I’ve been thinking about a mother who told me that her parents did “not approve of” her approach to her elementary school-aged son’s “less than stellar” grades. As the conversation unfolded I remember she shared a number of important thoughts. She was proud of her child. According to Mom, the young “offender” was:
– kind and compassionate
– a bundle of energy
– very curious and interested in learning
– socially motivated, with great people skills to match
– fairly disinterested in grades
While the “prevailing wisdom” — both from her in-laws and several elementary school teachers — was that this “live wire” should be grounded from sports, outdoor breaks and extra-curricular activities until his marks improved, this Mom disagreed.
“I know people think that I’m far too easy on him, that he’s lazy, and that I’m making excuses that enable poor school performance. I just can’t figure out how to turn teachers’ comments into a currency that’s meaningful for him. And, I still think, if you’re trying to raise a life-long-learner, education needs to be its own reward. Am I wrong?”
Perspective is an interesting thing. Is this kiddo reflecting his Mom’s values? Clearly she did not consider test scores or grades the holy grail of learning. She worried that turning the whole grade “thing” into a battle of wills would have a detrimental effect on her child’s considerable curiosity and desire to learn.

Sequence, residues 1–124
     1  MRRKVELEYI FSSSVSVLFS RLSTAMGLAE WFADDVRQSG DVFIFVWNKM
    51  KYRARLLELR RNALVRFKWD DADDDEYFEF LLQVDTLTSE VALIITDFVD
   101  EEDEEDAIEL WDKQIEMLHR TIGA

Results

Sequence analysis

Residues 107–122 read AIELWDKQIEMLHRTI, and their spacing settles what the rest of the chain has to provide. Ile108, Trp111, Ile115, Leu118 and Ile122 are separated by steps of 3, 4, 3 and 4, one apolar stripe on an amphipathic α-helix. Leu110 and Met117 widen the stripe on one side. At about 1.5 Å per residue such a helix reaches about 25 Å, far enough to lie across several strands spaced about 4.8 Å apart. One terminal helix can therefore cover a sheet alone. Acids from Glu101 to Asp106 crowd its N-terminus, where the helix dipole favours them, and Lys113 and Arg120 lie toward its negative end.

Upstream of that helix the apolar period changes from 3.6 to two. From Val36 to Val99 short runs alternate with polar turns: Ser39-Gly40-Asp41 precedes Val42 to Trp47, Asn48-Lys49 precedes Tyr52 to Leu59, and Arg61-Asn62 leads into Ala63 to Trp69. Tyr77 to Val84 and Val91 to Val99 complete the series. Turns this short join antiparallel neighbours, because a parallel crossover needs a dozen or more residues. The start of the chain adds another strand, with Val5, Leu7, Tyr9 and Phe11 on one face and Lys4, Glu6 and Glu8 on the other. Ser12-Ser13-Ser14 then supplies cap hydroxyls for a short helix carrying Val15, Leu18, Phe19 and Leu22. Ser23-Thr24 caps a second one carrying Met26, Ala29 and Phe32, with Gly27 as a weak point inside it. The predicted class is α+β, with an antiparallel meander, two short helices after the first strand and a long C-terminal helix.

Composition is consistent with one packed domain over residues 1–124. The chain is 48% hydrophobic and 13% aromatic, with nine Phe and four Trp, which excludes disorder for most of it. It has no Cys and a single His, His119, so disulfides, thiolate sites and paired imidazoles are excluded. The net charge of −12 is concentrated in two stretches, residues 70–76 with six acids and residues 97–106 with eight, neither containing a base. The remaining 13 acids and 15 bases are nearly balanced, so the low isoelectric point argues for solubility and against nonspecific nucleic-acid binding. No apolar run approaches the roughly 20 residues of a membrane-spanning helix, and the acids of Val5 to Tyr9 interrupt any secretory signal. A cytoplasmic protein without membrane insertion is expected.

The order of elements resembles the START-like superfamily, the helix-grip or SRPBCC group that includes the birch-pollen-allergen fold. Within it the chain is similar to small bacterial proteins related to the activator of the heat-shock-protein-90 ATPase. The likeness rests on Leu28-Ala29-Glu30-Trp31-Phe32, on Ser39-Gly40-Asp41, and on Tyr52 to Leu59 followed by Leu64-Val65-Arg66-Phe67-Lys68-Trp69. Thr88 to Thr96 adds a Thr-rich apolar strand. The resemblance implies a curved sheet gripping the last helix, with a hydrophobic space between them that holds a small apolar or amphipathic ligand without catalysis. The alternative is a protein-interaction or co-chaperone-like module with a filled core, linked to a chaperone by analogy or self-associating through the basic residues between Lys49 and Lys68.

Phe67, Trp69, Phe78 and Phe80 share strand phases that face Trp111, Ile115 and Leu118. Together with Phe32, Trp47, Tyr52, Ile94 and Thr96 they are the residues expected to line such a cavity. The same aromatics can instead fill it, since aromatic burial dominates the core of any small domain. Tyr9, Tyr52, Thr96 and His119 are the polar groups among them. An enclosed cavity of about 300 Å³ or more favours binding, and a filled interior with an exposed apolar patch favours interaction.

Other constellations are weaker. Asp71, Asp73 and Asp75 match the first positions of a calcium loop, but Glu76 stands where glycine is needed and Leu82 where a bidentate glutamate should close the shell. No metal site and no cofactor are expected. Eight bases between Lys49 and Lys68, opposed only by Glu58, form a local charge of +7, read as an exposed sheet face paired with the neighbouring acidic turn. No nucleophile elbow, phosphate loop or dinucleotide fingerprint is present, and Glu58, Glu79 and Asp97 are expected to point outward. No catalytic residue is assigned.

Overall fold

“Maybe I’m wrong but I think that punishing him because he learns differently will do a lot more harm than being a ‘C’ student ever could,” she said.
In an era that sees parents challenging students’ grades on behalf of their kids this is an unusual attitude. A child appears to be performing below potential and receives grades that reflect that reality. Isn’t that as it should be?
Or do you think she’s being short-sighted? Limiting her child’s future opportunities by not demanding high scores? Or is she choosing her battles wisely and accepting her child “as is,” regardless of the opinions of others?
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- State Representative Says “No Pass, No Play” to Students With Poor Grades